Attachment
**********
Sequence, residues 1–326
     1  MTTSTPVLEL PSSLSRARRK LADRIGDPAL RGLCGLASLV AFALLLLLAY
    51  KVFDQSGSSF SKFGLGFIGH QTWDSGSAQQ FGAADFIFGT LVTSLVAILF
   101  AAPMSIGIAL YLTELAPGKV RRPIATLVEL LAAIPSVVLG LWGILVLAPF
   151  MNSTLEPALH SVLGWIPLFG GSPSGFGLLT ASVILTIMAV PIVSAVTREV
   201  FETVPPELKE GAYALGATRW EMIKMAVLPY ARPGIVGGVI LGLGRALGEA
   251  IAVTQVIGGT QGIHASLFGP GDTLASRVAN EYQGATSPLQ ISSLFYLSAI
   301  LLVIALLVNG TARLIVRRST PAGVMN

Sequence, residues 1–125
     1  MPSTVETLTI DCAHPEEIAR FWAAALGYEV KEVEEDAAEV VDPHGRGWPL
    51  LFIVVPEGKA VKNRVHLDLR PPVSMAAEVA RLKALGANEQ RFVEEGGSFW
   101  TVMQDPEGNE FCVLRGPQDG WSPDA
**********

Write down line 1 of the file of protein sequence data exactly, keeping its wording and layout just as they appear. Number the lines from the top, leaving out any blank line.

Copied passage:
Sequence, residues 1–326